A Fresh Pod Cast: Savoring Spring's Green Peas

Peas i i
Sheri Castle for NPR
Peas
Sheri Castle for NPR

Spring's little green garden peas were nearly done in by the tin can. Their unfortunate incarceration rendered them drab, mush and bleak. They tasted of the tinny can, if anything at all. Brilliant, beautiful, garden peas deserve better.

Behold fresh peas straight from the pod: emerald green and tender, yet with a gentle crunch. They taste sweet, green and grassy, with hints of garden soil (in a good way). However, they are vulnerable and have no patience; their sugars quickly regress to starch from the moment they are picked. No spring vegetable is more delightful when fresh and more disappointing when not. As Winston Churchill recalled, "We lived very simply — but with all the essentials of life well understood and provided for — hot baths, cold champagne, new peas and old brandy."

Perhaps the best recipe for garden peas is really no recipe at all, but more of a procedure. Go to a garden, position yourself at the start of a ready row of peas, pluck a pod from the vine, open it, spill the peas into your mouth, pitch the pod over your shoulder and enjoy the feast. Repeat to the end of the row.

Little round peas have numerous names: green peas, sweet peas, spring peas, English peas, petit pois and garden peas. Each name tells part of their story. They are green, the good ones are sweet, they come up in the spring, many varieties hailed from England and France, and at one time they were grown only in kitchen gardens (as opposed to field peas grown among crops in the field). Humans have cultivated peas for at least 12,000 years, making them one of the earliest crops, but it was centuries before gardeners developed peas that could be eaten fresh instead of only dried.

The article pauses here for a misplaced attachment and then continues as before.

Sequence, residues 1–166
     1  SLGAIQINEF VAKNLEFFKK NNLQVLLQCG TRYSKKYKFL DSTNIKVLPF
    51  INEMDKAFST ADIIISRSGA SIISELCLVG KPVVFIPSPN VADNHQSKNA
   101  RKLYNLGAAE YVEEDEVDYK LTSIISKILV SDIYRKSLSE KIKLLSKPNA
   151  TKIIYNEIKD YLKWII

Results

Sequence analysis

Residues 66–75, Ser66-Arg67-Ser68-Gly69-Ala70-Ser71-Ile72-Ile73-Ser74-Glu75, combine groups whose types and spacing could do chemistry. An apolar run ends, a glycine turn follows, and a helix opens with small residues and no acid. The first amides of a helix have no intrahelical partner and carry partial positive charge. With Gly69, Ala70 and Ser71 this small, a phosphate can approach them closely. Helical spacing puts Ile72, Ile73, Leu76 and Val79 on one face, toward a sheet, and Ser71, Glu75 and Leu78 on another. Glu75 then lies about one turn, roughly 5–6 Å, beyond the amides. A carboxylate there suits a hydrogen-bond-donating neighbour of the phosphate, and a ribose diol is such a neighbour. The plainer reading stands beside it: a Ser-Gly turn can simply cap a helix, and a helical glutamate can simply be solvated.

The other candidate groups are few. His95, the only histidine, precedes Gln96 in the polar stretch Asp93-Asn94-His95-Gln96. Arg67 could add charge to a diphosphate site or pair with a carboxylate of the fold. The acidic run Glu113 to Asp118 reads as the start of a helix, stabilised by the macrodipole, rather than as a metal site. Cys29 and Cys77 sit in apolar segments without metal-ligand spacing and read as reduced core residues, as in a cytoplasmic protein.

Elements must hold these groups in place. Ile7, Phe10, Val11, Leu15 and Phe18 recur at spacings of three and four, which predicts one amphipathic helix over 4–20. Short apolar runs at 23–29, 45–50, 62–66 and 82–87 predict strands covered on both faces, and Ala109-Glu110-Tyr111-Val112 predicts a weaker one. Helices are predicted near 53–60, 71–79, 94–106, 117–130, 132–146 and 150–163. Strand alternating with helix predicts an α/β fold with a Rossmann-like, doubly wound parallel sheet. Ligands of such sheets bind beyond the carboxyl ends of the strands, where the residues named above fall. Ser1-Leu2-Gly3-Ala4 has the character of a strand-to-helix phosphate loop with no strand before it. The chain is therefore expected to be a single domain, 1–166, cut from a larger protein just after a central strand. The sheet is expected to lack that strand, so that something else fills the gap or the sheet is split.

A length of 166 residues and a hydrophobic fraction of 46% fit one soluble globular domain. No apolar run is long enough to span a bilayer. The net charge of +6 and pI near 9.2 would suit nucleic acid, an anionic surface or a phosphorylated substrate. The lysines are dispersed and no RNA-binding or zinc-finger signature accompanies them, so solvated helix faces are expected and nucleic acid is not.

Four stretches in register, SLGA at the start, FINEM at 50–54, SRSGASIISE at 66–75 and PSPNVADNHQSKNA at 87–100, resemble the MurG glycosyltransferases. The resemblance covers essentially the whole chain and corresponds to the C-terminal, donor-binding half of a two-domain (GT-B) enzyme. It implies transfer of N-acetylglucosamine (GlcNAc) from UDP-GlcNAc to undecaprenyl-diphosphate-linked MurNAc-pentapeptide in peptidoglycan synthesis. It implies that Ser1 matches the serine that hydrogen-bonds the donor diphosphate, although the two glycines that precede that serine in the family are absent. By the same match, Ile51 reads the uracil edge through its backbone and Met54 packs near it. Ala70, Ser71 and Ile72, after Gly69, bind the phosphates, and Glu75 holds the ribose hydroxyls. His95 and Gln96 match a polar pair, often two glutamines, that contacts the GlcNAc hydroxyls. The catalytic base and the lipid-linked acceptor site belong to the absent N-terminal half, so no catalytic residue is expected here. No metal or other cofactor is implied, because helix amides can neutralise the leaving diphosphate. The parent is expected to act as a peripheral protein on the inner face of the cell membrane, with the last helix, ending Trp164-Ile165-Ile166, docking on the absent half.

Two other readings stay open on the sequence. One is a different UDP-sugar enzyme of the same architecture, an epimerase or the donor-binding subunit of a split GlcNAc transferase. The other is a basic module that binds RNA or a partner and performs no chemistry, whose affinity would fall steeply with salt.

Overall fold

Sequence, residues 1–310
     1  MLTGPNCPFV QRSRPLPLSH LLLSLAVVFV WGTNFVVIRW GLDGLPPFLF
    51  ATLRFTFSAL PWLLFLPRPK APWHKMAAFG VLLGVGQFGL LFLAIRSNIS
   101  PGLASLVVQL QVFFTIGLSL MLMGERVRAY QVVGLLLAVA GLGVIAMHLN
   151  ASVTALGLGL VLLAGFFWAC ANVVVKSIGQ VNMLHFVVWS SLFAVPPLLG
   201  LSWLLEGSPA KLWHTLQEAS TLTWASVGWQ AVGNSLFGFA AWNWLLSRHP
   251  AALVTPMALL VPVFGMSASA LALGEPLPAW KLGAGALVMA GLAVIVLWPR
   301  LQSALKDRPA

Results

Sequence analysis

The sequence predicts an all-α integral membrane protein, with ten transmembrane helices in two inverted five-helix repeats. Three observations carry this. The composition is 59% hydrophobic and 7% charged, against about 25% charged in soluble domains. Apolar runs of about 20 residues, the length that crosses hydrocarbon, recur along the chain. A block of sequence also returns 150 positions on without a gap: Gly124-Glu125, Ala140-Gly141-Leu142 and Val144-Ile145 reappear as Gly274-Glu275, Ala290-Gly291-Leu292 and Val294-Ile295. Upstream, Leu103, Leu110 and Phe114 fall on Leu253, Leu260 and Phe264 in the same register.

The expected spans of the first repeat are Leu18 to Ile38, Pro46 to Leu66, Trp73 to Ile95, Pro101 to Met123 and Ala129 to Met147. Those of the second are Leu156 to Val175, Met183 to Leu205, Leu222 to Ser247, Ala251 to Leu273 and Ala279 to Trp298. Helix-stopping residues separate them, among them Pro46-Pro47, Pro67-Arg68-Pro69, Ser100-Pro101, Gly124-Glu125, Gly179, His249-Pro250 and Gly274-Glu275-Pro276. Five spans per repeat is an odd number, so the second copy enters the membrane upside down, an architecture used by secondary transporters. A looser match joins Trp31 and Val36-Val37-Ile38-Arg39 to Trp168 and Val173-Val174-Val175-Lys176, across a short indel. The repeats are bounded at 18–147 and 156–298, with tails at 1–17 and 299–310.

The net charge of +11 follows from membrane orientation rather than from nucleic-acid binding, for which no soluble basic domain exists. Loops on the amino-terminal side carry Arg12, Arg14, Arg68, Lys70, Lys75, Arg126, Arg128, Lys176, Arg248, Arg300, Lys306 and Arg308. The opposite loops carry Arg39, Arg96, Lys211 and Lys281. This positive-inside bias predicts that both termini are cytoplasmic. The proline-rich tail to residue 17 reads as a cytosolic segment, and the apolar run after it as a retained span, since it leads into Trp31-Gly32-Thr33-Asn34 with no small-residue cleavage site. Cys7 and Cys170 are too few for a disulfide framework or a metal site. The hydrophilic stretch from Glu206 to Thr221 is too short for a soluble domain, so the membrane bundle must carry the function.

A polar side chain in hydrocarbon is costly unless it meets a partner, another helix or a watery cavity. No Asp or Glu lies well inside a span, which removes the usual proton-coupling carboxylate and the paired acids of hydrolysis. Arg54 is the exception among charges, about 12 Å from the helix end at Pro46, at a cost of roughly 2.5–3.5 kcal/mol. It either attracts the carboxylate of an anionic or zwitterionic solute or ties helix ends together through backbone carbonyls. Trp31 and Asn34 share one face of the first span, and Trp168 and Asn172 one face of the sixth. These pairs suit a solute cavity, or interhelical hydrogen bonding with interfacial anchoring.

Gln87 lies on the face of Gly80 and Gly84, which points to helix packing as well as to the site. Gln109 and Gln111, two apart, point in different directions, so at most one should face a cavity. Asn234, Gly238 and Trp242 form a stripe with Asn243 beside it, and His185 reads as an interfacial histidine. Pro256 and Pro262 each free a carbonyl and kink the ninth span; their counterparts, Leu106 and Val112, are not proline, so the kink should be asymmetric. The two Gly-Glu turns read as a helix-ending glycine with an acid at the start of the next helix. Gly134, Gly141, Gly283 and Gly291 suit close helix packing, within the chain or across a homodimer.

Garden peas were once so expensive and dear that only royalty and the very wealthy could enjoy them. In the late 17th century, eating freshly shelled peas was a daring food craze in the court of King Louis XIV, where the elite popped them like pills and nibbled them as candy. "This subject of peas continues to absorb all others, the anxiety to eat them, the pleasure of having eaten them and the desire to eat them again," Madame de Maintenon, wife of Louis XIV, wrote in 1696. "It is both a fashion and a madness."

About The Author

Sheri Castle is an award-winning food writer, recipe developer, recipe tester and culinary instructor. She is known for melding storytelling, humor and culinary expertise. Sheri hails from the Blue Ridge Mountains but has lived in Chapel Hill, N.C., for many years with her husband, daughter and beloved dog. She is fueled by farmers market fare and excellent bourbon. Check her out at shericastle.com.